It is not enough to wish the world will be kind to my daughter and this newborn butterfly. I remember when my daughter went through a prolonged Wizard of Oz stage when she was little. How many pairs of glittery ruby slippers must I have bought for her as she kept growing out of them and wearing them out? How wonderful it would be to have magical shoes that can protect you from all the dangers along the way! I always wanted a pair for myself when I was a child. Visualizing my daughter surrounded with protective white light is the practice that seems to come closest – and until my children were about ten years old, I did a white light visualization with them every evening at bedtime. However, the other part of the equation is wishing that she (and Harvest) will develop strong wings and a strong inner guidance system to carry her through life’s storms. These are a mother’s prayers.

Harvest is struggling with cooler fall temperatures just as my daughter struggles with coordinating transportation and balancing the demands of two part-time jobs and full-time coursework. It seems both my daughter and the butterfly will need the endurance of an Olympic athlete to succeed in their journeys, and I can only do so much at this point. It is their time to fly, and I need to stand here and watch them try out their wings for the first time and hope they will discover, trust, and follow that little voice that knows the way.

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© Susan Meyer and River Bliss, 2012-2013. Unauthorized use and/or duplication of this material, including all photos, without express and written permission from this blog’s author/owner is strictly prohibited. Excerpts and links may be used, provided that full and clear credit is given to Susan Meyer and River Bliss ( with appropriate and specific direction to the original content. 

Monarch Magic

Monarch Magic

When we walk to the edge of all the light we have and take that step into the darkness of the unknown we must believe that one of two things will happen: There will be something solid for us to stand on or we will be taught to fly.   Patric Overton

Ever since I began teaching kindergarten, my husband and I have made a tradition of searching milkweed plants for monarch caterpillars over Labor Day weekend, right before the school year starts. The goal is to collect a few caterpillars so my students can observe the dramatic and colorful  transformation from caterpillar to butterfly; however, it is an activity we truly enjoy doing together each year. My husband has fond memories of his mother packing him a picnic lunch before he headed out to look for monarch caterpillars as a child, and he cherishes the opportunity to continue this tradition with me. Observing the monarch life cycle is a magical way to begin kindergarten and a powerful reminder of the potential for transformation and transcendence. There are so many metaphors to be found in the monarch life cycle, and it is interesting to notice which ones resonate most strongly each year.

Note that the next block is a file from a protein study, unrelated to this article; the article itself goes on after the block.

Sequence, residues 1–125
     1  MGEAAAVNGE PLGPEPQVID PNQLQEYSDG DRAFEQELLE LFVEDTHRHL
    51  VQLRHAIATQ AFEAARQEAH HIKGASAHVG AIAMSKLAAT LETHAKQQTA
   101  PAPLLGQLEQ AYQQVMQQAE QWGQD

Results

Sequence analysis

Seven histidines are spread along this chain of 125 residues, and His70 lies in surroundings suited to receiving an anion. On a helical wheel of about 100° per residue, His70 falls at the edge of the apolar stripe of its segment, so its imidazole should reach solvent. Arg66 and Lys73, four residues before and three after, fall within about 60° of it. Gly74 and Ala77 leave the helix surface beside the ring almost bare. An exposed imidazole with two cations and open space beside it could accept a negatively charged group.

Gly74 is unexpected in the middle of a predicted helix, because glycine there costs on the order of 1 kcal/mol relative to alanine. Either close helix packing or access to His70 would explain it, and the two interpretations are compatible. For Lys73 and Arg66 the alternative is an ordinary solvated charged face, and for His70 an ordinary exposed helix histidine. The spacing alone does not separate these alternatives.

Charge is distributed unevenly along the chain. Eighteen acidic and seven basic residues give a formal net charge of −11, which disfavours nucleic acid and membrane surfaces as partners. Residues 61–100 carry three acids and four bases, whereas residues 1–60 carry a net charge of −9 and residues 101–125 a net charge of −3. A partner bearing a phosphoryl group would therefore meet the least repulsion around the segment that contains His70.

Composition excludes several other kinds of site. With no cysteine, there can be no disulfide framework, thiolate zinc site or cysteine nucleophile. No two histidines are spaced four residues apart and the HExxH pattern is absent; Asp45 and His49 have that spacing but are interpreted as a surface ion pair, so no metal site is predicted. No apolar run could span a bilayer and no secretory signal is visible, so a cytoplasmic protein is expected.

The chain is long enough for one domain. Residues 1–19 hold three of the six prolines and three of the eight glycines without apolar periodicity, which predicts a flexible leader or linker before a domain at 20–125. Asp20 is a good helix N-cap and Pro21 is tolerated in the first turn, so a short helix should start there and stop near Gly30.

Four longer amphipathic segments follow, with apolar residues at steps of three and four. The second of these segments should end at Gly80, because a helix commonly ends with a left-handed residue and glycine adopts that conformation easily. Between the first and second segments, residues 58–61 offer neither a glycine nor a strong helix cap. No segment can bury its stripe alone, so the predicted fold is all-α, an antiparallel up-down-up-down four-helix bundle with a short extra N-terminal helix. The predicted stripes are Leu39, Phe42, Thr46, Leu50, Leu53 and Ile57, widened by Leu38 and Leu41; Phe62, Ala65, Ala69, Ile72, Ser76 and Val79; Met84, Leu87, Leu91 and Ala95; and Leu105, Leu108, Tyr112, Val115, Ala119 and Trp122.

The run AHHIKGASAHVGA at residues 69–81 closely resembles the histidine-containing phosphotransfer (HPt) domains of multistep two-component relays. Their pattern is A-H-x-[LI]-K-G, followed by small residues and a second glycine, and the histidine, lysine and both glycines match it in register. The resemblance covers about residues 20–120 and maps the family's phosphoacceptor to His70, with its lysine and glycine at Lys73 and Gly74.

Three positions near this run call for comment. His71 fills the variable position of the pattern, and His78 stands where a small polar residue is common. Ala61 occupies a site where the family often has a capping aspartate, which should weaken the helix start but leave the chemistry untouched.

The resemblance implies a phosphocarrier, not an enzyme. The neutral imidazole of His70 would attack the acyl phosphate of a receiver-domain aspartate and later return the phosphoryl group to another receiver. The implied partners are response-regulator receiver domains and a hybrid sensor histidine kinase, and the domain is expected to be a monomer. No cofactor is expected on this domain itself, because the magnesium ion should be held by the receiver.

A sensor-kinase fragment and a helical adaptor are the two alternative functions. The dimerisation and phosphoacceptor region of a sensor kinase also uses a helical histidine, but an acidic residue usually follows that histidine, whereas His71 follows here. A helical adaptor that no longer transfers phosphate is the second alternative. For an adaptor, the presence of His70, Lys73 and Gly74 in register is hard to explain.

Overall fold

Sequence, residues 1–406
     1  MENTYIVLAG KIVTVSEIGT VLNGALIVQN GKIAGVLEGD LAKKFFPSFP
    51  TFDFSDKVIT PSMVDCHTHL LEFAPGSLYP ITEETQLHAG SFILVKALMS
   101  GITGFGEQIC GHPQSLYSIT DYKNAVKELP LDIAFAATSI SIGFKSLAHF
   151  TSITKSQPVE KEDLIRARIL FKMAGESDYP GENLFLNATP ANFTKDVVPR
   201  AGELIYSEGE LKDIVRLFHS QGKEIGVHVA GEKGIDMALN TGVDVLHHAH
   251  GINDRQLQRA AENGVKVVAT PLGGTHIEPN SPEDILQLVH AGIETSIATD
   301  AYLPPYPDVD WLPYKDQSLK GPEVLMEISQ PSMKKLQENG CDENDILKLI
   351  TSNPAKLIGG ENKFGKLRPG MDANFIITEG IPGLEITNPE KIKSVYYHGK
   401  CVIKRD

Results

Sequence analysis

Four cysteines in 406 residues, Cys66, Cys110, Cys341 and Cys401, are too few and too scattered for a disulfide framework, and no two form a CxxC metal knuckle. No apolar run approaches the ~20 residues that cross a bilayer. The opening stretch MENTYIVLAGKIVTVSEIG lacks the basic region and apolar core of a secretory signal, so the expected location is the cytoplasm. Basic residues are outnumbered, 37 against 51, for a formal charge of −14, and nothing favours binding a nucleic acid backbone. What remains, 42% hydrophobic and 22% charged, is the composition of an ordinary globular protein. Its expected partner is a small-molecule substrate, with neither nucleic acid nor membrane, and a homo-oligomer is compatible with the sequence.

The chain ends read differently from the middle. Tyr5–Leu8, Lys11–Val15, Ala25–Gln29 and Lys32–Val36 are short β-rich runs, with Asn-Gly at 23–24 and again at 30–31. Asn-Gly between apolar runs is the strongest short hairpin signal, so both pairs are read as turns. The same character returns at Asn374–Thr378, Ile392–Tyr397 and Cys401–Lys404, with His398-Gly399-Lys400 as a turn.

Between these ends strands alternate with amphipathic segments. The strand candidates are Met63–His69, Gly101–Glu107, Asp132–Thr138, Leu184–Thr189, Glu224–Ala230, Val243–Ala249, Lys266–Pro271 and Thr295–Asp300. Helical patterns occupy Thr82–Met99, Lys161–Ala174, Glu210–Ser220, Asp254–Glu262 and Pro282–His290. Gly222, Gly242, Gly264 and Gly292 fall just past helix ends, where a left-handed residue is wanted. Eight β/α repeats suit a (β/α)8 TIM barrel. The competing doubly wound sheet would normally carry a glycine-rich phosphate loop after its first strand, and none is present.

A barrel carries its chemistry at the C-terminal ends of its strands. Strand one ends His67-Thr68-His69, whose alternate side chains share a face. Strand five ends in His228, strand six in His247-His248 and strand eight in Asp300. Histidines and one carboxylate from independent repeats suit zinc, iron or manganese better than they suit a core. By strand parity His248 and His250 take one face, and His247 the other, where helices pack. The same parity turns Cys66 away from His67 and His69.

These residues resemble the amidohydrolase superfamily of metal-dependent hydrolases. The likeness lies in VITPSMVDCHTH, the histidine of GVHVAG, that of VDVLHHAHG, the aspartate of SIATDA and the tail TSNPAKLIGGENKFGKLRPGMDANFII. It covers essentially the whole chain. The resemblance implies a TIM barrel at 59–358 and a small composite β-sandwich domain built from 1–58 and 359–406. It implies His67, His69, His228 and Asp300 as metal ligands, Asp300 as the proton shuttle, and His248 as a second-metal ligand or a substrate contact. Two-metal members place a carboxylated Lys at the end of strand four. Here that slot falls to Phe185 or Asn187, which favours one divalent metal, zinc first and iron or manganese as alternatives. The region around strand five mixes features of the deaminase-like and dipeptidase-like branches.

Monarch butterflies lay their eggs on milkweed leaves, and when the caterpillars hatch they begin eating the leaves, which is their entire diet. During August, we note the locations of the most promising milkweed patches. Some years, despite a great deal of effort, we come up empty handed. Last year was such a year. We didn’t find any monarch caterpillars but returned home with a great story. After combing all of the known milkweed patches, we expanded our search along the country roads near our home and noticed an impressive field of milkweed across the street from a farmhouse. Feeling both desperate and adventurous, we decided to knock on the door and ask permission to look for monarch caterpillars in the field. The old man who came to the door obliged our request; however, the grass was so tall that we gave up soon after beginning. On our way back to the car, the man came back outside to ask us if we had any luck, and we ended up having a lovely heart-to-heart conversation with him about life in this day and age. I wish we could have filmed him talking. He was a retired dairy farmer and spoke about how much better farming is in Canada because farmers get paid better and can afford to maintain their property and equipment, which is not the case here. He really opened up to us and talked about his perception that too much damage has been done to this country by greed, and said he is not sure we can fix it at this point. It was such a joy to interact with this kindhearted man and to hear an old farmer share his wisdom. A couple times during the conversation, I actually found myself choking back tears because I felt my grandmother’s spirit coming through him quite powerfully. (Her urn is decorated with a pastoral farm scene, paying tribute to her Vermont roots and her love of Vermont farm life, which was an important chapter of her life.) Without ever mentioning this to my husband, as we were driving home he remarked that he felt my grandmother’s presence during that conversation. That is one caterpillar mission I always will remember.